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Delay in Excavation, Destroys Gilvan Prehistoric Site


25 May 2006




LONDON, (CAIS) -- Nearly one month has passed since the accidental discovery of Gilvan ancient site in northern Iran. However, archaeological rescue operations to save this prehistoric site have not started yet, a fact which concerns many people as they see this area being gradually destroyed due to the very limited attention it receives from the authorities.

Last month, construction workers accidentally discovered a number of ancient artifacts in the village of Gilvan located in the Iranian northwestern province of Ardabil. It turned out that this place was the location of an ancient cemetery. Among the discovered relics were three gold-plated metal daggers, 25 pieces of potteries, ornamental beads, and several armaments plus the remains of a number of skeletons. Soon after, Iran’s Archaeology Research Centre deployed a team of experts to examine the area and prepare a report. It was expected that some measures to be taken straight away to save this newly discovered site, but no major step has been taken yet.

Yahya Naghizadeh, head of the Cultural Heritage Police Department of Ardabil province, has repeatedly announced his concern over the present poor condition of the ancient site. He blamed two main factors, rainfall and intense sunlight, that are causing most of the damages to this site and its artifacts and said, “After experts visited this area and prepared their report we were hoping that an emergency excavation operation be launched to save such a mportant ancient site. Unfortunately, despite the fact that these experts had emphasized the importance of immediate excavations in this area in their report, the cultural heritage authorities have not yet announced their approval.”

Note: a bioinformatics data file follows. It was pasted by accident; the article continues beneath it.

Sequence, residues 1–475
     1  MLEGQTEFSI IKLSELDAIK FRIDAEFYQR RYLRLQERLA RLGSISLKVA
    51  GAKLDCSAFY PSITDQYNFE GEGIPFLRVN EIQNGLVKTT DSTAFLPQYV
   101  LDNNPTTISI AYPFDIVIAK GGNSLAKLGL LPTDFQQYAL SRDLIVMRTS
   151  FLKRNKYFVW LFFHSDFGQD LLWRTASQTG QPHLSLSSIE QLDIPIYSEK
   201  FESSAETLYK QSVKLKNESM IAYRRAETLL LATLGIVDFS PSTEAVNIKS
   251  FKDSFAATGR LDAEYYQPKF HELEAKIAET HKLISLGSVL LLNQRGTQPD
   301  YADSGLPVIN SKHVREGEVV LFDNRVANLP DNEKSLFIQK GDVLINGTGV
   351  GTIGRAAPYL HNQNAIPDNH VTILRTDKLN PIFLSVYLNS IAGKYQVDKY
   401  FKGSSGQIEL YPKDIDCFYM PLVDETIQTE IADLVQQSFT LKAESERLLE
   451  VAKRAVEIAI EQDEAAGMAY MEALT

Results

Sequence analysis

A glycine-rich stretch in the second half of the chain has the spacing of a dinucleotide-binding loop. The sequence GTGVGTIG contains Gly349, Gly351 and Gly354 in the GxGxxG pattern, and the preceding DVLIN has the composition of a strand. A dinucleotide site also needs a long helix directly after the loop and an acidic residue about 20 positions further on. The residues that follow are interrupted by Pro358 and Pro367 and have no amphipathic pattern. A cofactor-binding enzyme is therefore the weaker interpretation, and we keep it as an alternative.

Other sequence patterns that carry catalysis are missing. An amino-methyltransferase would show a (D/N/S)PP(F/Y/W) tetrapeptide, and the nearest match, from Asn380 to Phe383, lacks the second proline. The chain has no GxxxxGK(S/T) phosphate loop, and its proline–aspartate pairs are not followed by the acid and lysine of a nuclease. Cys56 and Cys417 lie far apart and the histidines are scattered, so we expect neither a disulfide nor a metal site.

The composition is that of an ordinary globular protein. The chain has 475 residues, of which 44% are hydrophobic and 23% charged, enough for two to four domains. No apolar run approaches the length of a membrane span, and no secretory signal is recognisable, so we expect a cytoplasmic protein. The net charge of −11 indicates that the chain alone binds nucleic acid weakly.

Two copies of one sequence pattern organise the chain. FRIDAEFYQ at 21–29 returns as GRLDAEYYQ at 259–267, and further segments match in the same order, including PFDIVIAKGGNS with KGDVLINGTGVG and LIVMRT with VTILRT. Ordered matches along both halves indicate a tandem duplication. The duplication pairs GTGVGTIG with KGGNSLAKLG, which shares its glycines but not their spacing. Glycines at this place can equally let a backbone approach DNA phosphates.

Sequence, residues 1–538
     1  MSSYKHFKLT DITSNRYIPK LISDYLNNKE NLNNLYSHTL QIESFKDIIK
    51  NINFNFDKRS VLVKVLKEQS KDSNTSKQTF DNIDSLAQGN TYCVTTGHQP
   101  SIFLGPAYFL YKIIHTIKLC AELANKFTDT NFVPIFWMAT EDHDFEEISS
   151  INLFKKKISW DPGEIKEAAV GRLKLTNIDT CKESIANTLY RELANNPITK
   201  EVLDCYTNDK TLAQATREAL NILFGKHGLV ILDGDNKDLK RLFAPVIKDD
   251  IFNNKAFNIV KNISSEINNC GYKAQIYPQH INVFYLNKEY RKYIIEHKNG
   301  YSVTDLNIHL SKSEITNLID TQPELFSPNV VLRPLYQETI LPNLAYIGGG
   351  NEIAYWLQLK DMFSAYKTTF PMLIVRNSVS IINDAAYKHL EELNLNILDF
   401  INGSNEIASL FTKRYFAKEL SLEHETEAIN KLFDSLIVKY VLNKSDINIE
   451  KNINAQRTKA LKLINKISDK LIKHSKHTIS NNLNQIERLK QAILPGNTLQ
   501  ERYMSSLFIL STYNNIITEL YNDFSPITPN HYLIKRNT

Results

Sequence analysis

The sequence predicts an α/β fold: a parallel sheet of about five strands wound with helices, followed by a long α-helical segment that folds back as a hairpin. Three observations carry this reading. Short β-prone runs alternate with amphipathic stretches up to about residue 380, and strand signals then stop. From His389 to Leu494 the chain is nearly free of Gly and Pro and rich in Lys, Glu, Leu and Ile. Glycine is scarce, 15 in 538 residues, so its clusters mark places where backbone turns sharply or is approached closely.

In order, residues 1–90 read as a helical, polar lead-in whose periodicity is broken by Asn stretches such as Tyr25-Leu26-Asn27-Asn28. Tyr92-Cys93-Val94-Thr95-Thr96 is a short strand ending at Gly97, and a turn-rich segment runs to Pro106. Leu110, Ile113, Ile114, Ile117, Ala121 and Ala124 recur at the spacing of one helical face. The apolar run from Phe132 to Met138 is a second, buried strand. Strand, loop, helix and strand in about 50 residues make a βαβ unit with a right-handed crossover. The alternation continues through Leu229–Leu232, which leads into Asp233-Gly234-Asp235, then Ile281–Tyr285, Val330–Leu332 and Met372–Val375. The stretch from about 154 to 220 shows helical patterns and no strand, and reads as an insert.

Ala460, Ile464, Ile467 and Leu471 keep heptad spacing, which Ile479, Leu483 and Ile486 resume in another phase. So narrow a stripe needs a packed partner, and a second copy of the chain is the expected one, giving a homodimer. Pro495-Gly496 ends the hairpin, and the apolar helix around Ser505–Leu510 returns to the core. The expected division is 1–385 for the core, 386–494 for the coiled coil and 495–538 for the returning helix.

Naghizadeh also mentioned that Cultural Heritage and Tourism Department of Ardabil province has established a temporary security station to safeguard this area and added, “Our experts are ready to take the responsibility of protecting this ancient site permanently but as long as nothing is announced by the cultural heritage authorities, this is all we can do.”

Pointing to the locals’ increasing concerns over the fate of this ancient site, head of Ardabil’s Cultural Heritage Police Department said, “Aside from the natural factors which threaten this area, one of the major problems we have is that the owner of the land in which this ancient cemetery was found claims his share of the discovered artifacts. Considering all these factors, we urgently need the Archaeology Research Centre to get involved and take the necessary actions immediately.”

Archaeologists have now confirmed that this ancient site and all the discovered artifacts in its vicinity belong to the first millennium BCE.



Source/Extracted From: CHN



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